A study is underway into the feasibility of replacing Scotland's second busiest ferry service with a fixed link bridge or tunnel. The Highland Council, HITRANS and Highlands and Islands Enterprise (HIE) are joint funding the study at the Corran Narrows in Lochaber.
The standstill period under the Council's Trades Services Framework agreement was due to close with effect from Monday 17th February 2020, with the intention of a proposed go live date with the new arrangements and contracts of 24th February. The standstill period is a defined period of time between the notice of the contract award decision and the award of the contract.
On 14th February 2020 the Highland council place an advert in the Northern times newspaper regarding the Spaceport planning application as follows. - THE HIGHLAND COUNCIL TOWN AND COUNTRY PLANNING (SCOTLAND) ACT 1997 TOWN and COUNTRY PLANNING (ENVIRONMENTAL IMPACT ASSESSMENT) (SCOTLAND) REGULATIONS 2017.
Members today approved a modest 3% rent increase for residential rents and service charges following detailed consultation with tenants. The increase will result in a rise in the average weekly council house rent from £75.38 to £77.74 (£2.26), which means that Highland rents are still 8th lowest of the 26 councils which retain housing.
Highland Council's new Chief Social Work Officer's first annual report highlights successes and challenges.` Highland Council's new Chief Social Work Officer for Highland Council, Karen Ralston, has enjoyed a successful first year in her role. Members today noted the 2018/19 annual report at the meeting of the Health, Wellbeing and Social Care committee.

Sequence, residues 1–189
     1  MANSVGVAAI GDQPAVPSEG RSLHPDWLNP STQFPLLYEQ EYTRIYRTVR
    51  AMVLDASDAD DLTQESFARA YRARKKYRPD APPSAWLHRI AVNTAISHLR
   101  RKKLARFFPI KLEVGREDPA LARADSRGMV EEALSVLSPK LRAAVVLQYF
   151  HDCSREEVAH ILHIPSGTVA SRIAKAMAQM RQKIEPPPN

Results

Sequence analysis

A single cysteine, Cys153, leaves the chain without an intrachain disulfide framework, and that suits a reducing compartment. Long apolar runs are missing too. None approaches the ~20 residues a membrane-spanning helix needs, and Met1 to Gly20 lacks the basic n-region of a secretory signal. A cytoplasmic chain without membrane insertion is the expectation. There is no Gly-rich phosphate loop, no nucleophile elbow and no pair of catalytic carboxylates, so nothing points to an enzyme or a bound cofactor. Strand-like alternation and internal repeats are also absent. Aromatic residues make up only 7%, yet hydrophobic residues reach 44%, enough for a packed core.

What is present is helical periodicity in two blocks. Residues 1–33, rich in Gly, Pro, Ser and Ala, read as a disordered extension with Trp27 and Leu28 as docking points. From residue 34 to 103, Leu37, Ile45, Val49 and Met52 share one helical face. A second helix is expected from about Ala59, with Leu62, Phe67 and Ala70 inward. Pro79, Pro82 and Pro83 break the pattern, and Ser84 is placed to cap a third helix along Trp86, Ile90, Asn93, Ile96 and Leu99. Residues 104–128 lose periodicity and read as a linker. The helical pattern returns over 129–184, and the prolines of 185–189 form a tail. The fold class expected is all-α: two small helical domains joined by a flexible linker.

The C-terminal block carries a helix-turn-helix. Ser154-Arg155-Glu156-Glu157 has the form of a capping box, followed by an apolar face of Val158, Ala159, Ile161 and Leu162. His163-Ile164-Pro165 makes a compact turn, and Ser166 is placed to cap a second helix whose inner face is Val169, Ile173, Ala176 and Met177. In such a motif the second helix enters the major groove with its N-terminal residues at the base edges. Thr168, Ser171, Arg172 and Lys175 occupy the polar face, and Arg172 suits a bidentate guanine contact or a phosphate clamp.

Highland Council Trading Standards are again warning unsuspecting residents of the emergence of a new Council Tax scam. Today a call was received by the Council from a Council Tax payer alerting to a Council Tax scam whereby scammers are now texting people and informing them that they are due a Council Tax rebate.
The Highland Council has published the Highland Common Good Asset Register following the completion of a consultation process required by the Community Empowerment (Scotland) Act 2015. The Register has been published on the Council's website and can be accessed from the download link on the page titled "Common Good Asset Register" or at the following link: https://www.highland.gov.uk/info/20010/community_planning/840/common_good_asset_register For ease of reference, the Register has been divided in the separate former Burghs having recorded Common Good Funds - Cromarty, Dingwall, Dornoch, Fortrose and Rosemarkie, Invergordon, Inverness, Nairn and Tain.
According to the draft Scottish Govenment budget, Highlands and Islands Enterprise will get £58.2 million in the upcoming financial year - down from £61.1 million last year. 2018/19 the budget was £71.7 million.
The Highland Licensing Committee, at their meeting on 14 January 2020, made their final resolution in relation to the licensing of the public performance of plays under the public entertainment licensing regime after the repeal of the Theatres Act 1968. This was after the completion of the 28 day statutory consultation period as set out in section 9 of the Civic Government (Scotland) Act 1982.